Zacharaki explains that people with degrees and specialized professional experience have more chances of success.

“We get a lot of academics, people with many qualifications; the elite of Greece, a fact that of course concerns us greatly. But even they don’t always find work. People who have better chances are doctors, engineers, educators, nurses and professionals from other areas in which there is a shortage in Germany. As far as unspecialized people are concerned, there are simply too many of them here,” said Zacharaki.

Her advice for people determined to make a go of it is to try to find someone they know in the country who can help them out in the early days, and certainly not to make the attempt with the whole family in tow.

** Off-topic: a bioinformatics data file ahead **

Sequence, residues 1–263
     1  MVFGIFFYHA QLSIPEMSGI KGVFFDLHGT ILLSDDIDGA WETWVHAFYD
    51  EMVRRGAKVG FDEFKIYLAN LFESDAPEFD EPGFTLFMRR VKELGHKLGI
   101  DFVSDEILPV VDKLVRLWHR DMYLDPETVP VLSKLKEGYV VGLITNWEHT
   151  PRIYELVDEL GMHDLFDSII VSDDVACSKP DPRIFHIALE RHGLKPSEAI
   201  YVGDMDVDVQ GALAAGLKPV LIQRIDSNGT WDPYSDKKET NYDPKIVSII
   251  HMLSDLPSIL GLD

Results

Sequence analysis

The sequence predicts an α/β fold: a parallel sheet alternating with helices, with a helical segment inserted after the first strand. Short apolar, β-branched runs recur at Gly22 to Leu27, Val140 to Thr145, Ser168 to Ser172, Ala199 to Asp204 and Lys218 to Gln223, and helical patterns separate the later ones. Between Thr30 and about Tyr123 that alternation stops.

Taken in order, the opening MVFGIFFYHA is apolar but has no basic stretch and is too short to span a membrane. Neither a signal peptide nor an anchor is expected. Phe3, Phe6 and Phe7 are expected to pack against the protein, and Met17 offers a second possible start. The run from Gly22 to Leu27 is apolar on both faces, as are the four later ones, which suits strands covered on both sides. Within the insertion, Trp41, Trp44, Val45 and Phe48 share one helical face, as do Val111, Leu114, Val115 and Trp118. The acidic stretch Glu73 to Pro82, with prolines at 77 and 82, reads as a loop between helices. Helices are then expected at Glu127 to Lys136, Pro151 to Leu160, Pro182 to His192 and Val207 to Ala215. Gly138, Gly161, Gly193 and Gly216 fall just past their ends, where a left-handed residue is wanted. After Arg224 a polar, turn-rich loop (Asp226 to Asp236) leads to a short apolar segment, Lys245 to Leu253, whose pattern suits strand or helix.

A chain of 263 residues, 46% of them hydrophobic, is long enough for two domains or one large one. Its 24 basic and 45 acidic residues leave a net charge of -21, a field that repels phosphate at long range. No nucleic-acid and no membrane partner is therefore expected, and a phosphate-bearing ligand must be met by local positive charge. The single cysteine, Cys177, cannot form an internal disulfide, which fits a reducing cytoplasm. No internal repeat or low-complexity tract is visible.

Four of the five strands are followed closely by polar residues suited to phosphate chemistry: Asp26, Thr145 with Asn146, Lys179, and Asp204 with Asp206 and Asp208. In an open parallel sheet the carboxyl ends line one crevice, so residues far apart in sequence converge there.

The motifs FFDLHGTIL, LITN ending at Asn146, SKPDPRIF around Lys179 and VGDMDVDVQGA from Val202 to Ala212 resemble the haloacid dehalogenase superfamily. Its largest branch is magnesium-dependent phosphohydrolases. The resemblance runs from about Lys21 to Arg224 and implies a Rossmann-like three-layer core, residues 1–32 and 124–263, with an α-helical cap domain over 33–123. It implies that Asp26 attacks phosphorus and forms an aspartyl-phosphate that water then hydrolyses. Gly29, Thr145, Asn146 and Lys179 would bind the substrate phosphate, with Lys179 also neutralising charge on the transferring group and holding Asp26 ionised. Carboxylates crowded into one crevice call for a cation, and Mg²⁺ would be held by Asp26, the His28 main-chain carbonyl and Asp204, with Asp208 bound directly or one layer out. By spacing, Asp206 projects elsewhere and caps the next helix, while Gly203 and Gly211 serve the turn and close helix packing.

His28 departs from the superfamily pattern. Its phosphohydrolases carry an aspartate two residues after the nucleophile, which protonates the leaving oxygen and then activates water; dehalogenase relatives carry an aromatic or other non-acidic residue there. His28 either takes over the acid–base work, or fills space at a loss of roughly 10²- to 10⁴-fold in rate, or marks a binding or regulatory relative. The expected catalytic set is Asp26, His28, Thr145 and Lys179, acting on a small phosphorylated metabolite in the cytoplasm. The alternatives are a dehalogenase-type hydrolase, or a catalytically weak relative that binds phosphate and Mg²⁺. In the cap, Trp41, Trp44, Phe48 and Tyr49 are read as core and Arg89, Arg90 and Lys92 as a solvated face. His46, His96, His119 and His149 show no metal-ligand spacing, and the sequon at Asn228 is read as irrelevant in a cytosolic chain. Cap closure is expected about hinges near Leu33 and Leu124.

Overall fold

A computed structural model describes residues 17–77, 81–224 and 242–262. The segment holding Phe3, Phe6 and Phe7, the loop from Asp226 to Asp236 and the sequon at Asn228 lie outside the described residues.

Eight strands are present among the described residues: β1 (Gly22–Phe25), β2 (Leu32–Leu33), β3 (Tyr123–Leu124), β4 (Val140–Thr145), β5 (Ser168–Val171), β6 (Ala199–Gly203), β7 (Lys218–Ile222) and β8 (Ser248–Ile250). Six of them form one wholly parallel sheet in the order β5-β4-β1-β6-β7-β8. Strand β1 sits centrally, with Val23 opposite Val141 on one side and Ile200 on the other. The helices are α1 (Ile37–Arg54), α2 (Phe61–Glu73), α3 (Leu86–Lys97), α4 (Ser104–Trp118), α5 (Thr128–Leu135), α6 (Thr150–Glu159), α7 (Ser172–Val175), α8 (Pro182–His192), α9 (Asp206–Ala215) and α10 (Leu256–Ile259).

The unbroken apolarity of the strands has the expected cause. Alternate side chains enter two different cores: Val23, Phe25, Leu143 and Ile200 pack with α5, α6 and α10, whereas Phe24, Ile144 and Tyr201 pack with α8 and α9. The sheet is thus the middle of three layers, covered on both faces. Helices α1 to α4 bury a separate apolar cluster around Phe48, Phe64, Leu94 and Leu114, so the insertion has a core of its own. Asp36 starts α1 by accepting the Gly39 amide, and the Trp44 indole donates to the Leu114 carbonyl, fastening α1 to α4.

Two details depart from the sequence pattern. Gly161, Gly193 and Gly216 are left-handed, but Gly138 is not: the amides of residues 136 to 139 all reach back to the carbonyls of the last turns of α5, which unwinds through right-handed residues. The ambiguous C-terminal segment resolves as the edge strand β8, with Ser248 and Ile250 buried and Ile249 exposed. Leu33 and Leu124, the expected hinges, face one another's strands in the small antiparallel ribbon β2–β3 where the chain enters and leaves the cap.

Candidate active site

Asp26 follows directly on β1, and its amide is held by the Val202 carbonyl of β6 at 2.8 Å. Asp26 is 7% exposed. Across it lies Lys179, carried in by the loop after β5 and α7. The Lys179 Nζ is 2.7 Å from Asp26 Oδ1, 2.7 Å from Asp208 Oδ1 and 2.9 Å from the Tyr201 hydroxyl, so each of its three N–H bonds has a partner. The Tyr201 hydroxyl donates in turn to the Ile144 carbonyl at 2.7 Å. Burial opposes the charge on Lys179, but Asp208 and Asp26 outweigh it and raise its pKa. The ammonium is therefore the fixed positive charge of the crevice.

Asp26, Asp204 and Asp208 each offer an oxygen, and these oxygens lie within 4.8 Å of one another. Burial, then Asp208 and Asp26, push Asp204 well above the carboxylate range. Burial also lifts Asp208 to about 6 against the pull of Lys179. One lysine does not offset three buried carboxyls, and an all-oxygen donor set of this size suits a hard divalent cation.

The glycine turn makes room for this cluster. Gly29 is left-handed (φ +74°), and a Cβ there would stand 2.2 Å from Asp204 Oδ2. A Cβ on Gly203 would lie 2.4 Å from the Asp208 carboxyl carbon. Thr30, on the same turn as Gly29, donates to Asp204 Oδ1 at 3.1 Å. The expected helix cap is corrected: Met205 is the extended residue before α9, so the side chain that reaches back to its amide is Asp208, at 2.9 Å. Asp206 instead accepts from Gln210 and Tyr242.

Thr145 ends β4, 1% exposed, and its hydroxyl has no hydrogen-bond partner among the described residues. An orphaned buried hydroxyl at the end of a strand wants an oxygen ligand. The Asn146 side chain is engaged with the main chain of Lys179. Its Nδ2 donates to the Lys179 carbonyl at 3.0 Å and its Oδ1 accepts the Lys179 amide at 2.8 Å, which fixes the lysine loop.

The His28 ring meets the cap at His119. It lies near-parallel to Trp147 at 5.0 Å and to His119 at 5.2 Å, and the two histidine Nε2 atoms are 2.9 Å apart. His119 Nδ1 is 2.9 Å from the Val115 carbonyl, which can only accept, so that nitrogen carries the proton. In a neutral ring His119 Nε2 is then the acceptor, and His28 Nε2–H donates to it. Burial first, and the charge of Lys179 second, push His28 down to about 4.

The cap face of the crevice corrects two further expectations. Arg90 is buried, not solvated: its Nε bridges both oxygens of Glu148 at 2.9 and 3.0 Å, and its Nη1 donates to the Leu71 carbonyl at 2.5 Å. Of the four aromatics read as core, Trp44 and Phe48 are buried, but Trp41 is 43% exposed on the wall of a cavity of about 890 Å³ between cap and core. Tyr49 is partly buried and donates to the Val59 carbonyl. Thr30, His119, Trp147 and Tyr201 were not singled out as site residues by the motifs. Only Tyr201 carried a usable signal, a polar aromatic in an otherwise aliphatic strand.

According to Zacharaki, 2012 alone saw around 10,000 Greeks migrating to the Rhineland and around 20,000 to all of Germany.

“The opportunities are limited. We call Germany a giant, but did you know that, at least in this region, most of the municipalities are bankrupt?” Zacharaki concluded.

ekathimerini.com , Sunday March 31, 2013 (15:45)  
The irrational crackdown on an Athenian food truck
Greek health cuts a matter of life and death on Samos
Revenge of disaffected Europe risks new crisis sparked in Greece
Experts warn of teenage gambling addiction
Tribute to Nikos Kessanlis, a pioneer and great teacher of Greek art
Armed with a forceful nature and an intrepid spirit, Nikos Kessanlis was a pioneer who changed the course of art in Greece, both as an artists himself but also as rector of the Athens School...
Renowned Greek singer Demis Roussos, 68, dies